Remember, you have the power to determine the kind of treatments you want to receive and the kind of treatments you want to avoid. Whether you’re just getting started on this journey of understanding your choices and making a plan, or you’ve been clear for a while, we encourage you to take time to review the options below and discuss with your physician so you can feel secure about your choices now and in the future.

Life Sustaining Treatments

CPR (cardiopulmonary resuscitation) – is used when someone’s heart or breathing stops and includes chest compressions and rescue breathing and is considered an emergency life- saving procedure. Review our education guide on CPR for more information.

Artificial hydration/nutrition – is used to sustain life when someone can no longer eat or drink on his or her own. A tube is placed directly into the stomach, intestine or vein to provide an adequate amount of nutrition and hydration for life. This is often referred to as a feeding tube. Review our education guide on Artificial Hydration & Nutrition for more information.

There can be significant emotional burdens tied to the decision to insert a feeding tube. There can also be physical issues associated with having a feeding tube, especially for those who may be within their last few weeks of life or have dementia. Learn more about the benefits and possible complications of artificial hydration/nutrition on WebMD.

Defibrillator practice on a CPR in the ER room ** Note: Soft Focus at 100%, best at smaller sizes

Intubation/mechanical ventilation – is a life-sustaining procedure that entails inserting a tube into the windpipe to provide a way to get air into the lungs artificially through a breathing machine. Some of the complications associated with mechanical ventilation include infection, lung damage, and side effects of the medications given for sedation. Please discuss more with your physician about mechanical ventilation.  Review our education guide on Help with Breathing for more information.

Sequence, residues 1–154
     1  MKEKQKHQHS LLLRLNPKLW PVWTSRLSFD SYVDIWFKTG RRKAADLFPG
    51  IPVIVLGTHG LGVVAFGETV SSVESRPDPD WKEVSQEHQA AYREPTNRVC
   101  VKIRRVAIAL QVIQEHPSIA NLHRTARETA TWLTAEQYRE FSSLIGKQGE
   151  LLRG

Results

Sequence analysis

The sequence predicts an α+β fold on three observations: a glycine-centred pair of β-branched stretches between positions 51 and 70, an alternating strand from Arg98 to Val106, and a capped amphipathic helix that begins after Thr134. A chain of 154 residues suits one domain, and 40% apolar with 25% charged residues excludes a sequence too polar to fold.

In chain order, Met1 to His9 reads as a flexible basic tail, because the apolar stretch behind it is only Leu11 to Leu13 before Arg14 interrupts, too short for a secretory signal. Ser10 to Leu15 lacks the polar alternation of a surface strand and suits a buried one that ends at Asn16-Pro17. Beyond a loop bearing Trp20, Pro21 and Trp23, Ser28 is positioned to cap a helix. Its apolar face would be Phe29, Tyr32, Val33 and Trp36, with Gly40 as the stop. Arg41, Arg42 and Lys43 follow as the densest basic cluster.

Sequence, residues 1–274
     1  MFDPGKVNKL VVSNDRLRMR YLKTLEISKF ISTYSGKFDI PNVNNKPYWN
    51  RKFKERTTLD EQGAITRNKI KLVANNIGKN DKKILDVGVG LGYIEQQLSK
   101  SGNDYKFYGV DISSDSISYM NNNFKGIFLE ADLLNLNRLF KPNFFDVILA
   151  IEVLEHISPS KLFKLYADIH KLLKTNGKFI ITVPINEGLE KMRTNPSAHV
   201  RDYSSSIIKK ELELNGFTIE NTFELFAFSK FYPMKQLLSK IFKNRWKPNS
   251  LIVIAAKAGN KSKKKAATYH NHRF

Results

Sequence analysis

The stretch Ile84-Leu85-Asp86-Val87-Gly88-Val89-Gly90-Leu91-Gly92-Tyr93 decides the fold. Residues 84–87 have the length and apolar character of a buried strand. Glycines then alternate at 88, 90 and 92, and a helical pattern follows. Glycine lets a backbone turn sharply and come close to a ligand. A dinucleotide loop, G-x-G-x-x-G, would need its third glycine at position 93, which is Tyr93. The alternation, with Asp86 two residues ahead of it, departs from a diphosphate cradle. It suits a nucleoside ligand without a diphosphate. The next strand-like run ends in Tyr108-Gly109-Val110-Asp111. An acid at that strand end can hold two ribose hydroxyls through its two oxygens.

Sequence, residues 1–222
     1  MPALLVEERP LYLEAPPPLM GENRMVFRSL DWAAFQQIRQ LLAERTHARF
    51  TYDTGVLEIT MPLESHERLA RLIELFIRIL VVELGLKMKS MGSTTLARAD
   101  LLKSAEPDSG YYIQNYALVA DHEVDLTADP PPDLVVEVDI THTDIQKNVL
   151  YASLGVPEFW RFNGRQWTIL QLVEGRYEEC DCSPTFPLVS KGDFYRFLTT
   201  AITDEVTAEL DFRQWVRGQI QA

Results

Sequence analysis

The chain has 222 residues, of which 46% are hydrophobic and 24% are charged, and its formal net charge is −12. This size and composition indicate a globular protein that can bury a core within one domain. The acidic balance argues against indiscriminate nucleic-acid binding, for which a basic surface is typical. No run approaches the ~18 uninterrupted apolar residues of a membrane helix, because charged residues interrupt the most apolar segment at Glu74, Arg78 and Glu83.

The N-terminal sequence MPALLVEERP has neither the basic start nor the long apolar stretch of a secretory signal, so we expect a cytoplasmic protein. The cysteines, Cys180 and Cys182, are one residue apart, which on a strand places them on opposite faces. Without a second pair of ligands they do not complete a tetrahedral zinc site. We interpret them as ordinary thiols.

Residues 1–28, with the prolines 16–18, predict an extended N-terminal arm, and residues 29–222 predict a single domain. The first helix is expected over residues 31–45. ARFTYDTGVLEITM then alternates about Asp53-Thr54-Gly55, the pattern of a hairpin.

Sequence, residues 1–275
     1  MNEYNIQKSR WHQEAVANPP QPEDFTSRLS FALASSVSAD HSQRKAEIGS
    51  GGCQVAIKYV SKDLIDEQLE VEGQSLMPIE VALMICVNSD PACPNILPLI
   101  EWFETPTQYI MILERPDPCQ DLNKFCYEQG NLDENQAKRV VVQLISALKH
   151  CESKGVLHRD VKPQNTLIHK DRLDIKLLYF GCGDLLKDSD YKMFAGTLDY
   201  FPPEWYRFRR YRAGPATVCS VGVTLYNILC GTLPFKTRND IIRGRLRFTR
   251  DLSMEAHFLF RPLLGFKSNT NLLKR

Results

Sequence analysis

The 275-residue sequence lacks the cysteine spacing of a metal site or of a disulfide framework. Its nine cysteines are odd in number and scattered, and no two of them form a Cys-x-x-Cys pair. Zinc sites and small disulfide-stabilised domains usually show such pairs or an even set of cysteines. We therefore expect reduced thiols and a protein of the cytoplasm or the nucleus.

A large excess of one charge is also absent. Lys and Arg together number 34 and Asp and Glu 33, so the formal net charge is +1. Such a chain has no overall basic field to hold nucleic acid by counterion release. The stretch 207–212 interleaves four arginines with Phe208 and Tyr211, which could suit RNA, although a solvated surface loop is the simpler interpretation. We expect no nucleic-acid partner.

Medications (including antibiotics) – emergency medications are often given by medical professionals to assist with CPR efforts to sustain life. Antibiotics are medications given to fight infections. Some people opt to have antibiotics but not emergency medications. The choice is yours and should be discussed with your physician.

Dialysis – is needed when a person’s kidneys stop functioning to the point that toxins build up inside the body. Dialysis helps to remove these toxins. Dialysis is usually required on a frequent basis and may be associated with side effects of low blood pressure, shortness of breath, and chest pain. Ask your physician to explain more about dialysis. Read more about kidney dialysis at WebMD.

In-Patient Hospital Care

Close up of oncologist holding hand of girl with leukemia

According to recent research, many people prefer the comfort of their own home when seriously ill and near the end of life. However, others feel more comfortable in the hospital setting knowing that medical technology and professionals are readily available to care for them.

Limited Medical Treatment
Some people may choose not to have aggressive life-sustaining treatments at the end of their lives, but opt for limited medical treatment to treat their disease, such as chemotherapy or antibiotics.

Managing Pain and Mental Well-Being through Palliative Care

Pain Control

Most chronic pain can be eliminated or reduced to a level that is minimal, or at least tolerable. Controlling pain, however, often requires the expert, thoughtful use of strong medications, like anti-seizure medications, anti-depressants, and "opioids." Examples of opioids include codeine, hydrocodone, oxycodone, morphine, and fentanyl. Opioids can have undesirable side effects, such as constipation, drowsiness, confusion, slowing the rate of breathing, and even death. Higher doses are associated with more side effects. Therefore, opioids must be used carefully under the close supervision of an experienced physician or advanced practice professional. Patients, families and health professionals must work together to weigh the benefits of such medications, such as relief of pain, against their possible side effects. The goal should be to use such medications to help each individual patient attain the quality of life that he or she desires.

Palliative Care